Lake with forest and aquatic plants at sunset

What’s in a name? A historical look at six northwestern park names

Ever wonder how your favourite park got its name?

Sleeping Giant Provincial Park  

Sleeping Giant park sign

Sleeping Giant Provincial Park hasn’t always been named after the landform the park encompasses.

When the park was established in 1944, it was named Sibley Provincial Park after Alexander Hamilton Sibley. Sibley was the President of the Silver Islet Consolidated Mining Company that operated in the area from 1869 to 1884.

Sleeping giant landform with sunset

In 1988 the name was changed to Sleeping Giant Provincial Park. The Sleeping Giant is an iconic landform that resembles a giant sleeping on its back when viewed across the landscape.

Two people with backpacks standing on a shore looking out at landform across water

The name change was meant to raise the profile of the park, and clear up the common misconception that the Sleeping Giant is an island in Lake Superior.

The Sleeping Giant is actually part of the greater Sibley Peninsula within the park. By the way it juts out into Lake Superior, it looks like an island from some angles.

Wabakami Provincial Park

Two figures sillouetted in a canoe at sunset

Wabakimi Provincial Park is a wilderness park located near the town of Armstrong. Its backcountry canoe routes offer a network of options for paddling enthusiasts, and it’s one of the featured parks of the Northwest Wilderness Quest.

It is suggested that the word Wabakimi originates from the Ojibway word “Waubishkaugimi,” meaning “whitewater,” which refers to the river rapids in the park. Another possible origin is the word “Wabishkkegin” meaning “the sheet is white,” which invokes the vision of a calm lake reflecting the sun.

Quetico Provincial Park

Guy on his way up a slope in the forest

Located approximately two hours west of Thunder Bay and bordering Minnesota, Quetico Provincial Park is an iconic wilderness park renowned for its picturesque lakes and streams, pine and spruce forests, and rich cultural history.

Lac La Croix First Nation shares the origin of the park’s name in Quetico’s Park Management Plan:

“The name Quetico comes from the Ojibway word, ‘Gwetaming.’ This refers to how we view this sacred land. There is a place in the park that is named Quetico Lake. The lake is sacred, meaning it is occupied by living spirits that have been here since time immemorial.

Lake at dark with northern lights in the sky

You hear stories from our elders of unexplained and unusual events at this lake, which can only be explained by our spiritual ways. The Lake is very spiritual and sacred to us. We are told to be mindful and respectful of the power it holds. ‘Gwetaming’ means we sacredly respect that area for the spirits that dwell there.”

Neys Provincial Park

Blue green water with conifer shoreline

Nestled in the north shore of Lake Superior between the towns of Marathon and Terrace Bay, Neys Provincial Park boasts a stunning sand beach, rocky coastline, and amazing views of Lake Superior.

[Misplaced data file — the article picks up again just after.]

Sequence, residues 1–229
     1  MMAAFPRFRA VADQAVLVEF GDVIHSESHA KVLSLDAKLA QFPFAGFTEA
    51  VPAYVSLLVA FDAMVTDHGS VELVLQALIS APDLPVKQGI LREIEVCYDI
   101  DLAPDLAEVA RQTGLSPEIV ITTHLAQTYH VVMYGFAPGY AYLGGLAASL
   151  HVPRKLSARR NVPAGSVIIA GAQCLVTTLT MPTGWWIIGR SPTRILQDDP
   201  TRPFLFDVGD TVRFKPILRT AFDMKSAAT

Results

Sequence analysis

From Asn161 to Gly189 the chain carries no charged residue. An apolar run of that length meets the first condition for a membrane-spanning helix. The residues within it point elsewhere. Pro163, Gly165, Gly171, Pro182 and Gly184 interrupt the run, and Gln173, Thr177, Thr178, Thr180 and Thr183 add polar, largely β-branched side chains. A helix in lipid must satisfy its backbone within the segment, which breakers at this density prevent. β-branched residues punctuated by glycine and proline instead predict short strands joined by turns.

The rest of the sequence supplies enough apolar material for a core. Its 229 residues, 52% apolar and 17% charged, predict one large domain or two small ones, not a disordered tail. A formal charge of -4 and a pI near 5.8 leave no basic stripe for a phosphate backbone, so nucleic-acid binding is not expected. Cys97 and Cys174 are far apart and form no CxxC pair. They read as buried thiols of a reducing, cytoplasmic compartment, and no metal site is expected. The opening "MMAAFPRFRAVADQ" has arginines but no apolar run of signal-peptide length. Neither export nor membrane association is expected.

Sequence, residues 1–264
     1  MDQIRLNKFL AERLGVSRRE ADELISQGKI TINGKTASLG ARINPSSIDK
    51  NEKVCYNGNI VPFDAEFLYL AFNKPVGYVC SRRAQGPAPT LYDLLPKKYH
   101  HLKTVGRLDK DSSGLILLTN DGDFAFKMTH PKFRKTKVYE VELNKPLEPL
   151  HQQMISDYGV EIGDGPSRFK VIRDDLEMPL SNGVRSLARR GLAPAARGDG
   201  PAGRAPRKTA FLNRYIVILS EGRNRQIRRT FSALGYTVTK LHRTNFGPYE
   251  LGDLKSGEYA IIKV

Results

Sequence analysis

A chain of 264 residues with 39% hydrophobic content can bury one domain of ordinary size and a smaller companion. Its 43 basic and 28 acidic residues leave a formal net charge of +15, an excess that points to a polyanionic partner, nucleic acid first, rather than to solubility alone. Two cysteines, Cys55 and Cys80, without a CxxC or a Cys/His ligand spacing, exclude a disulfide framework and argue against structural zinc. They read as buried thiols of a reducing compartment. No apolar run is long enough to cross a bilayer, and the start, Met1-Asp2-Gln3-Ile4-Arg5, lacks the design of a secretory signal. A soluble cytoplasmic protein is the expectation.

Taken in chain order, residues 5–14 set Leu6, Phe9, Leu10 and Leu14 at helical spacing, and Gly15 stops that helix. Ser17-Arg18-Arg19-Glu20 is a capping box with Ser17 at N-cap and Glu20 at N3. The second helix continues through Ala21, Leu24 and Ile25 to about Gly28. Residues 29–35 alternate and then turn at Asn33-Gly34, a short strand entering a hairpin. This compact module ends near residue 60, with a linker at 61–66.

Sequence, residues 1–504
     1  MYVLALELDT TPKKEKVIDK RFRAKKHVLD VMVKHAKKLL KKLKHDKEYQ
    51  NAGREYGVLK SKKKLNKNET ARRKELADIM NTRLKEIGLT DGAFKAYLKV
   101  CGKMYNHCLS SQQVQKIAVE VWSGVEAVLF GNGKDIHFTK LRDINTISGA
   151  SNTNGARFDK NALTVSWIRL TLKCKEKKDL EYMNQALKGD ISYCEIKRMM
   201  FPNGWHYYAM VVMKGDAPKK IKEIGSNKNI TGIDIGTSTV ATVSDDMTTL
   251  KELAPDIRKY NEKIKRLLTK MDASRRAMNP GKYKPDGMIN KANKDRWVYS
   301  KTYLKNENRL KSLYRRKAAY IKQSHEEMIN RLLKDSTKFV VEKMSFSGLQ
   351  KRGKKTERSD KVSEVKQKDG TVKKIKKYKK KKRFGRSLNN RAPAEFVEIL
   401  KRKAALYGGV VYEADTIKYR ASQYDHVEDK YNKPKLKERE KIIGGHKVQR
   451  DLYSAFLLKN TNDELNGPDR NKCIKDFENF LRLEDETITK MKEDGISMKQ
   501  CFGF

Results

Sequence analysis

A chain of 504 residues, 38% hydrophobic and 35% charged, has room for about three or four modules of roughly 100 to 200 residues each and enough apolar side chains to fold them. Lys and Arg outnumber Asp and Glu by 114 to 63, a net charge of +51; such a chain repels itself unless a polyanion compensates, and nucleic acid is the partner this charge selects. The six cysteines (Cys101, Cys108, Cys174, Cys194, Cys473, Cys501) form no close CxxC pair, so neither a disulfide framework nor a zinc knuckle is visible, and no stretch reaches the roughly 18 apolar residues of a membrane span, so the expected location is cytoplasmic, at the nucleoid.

With a history involving Indigenous peoples, voyageurs, prisoners of war, the Group of Seven artists, loggers, fishermen, ship crews, and railway workers, the landscape of Neys tells many stories.

Aerial Photo of shoreline with forest and lake

The Canadian Pacific Railway runs along the northern boundary of Neys Provincial Park where historically, there was a railway siding. A railway siding is a stretch of track where trains could stop to refuel, pick-up water, and allow other trains to pass on the same line. Since this siding was called Neys, the park took on that name when it was officially regulated in 1965.

High rail bridge across a river

It’s suggested that the siding was named after one of the young men who worked as a novice, building the railroad through the area in the 1880s. One source states that Neys is an abbreviation of the name Doheyneys, which may have been the man’s name.

Aaron Provincial Park

White sand beach on a sun/cloud day

A mere 15 minutes east of the town of Dryden, Aaron Provincial Park is a perfect stop for cross country travellers. The park is located on Thunder Lake, a remnant of ancient glaciers that covered Ontario tens of thousands of years ago.

During the 1880s, the Canadian Pacific Railway was constructed adjacent to the present day location of Aaron Provincial Park and the area was opened up for settlement.

View of the forest looking up from the forest floor

In 1906, the land that is now Aaron Provincial Park was sold to John D. Aaron, who the park was eventually named after.

Park sign at Aaron Provincial Park

In 1935, the recreational value of the site was recognized, and the Department of Northern Development established it as a roadside camping park for travellers and local residents. In 1958, the park was regulated as a provincial park.

Kakabeka Falls Provincial Park

View of water fall from amongst some brush at sunet

This park is located 32 km west of Thunder Bay on the Kaministiquia River. Kakabeka Falls is one of northwestern Ontario’s best known natural features, and is the main attraction of the park. A boardwalk wraps around the top of the falls, providing access to stunning views of this 40 m high waterfall.

In 1859, Paul Kane, a famous Canadian painter, wrote “We arrived…at the Mountain Portage, whose falls surpass even those of Niagara in picturesque beauty…their height is nearly equal and the scenery surrounding them infinitely more wild and romantic.”

The base of the falls

It is said that Kakabeka is derived from an Ojibway word meaning “sheer cliff” or “thundering waters.” The thundering waters of the second highest waterfall in Ontario and the cliffs along the river are gorgeous!

What does a park name mean to you?

Next time you visit one of northwestern Ontario’s provincial parks, consider it’s name and where it might have come from.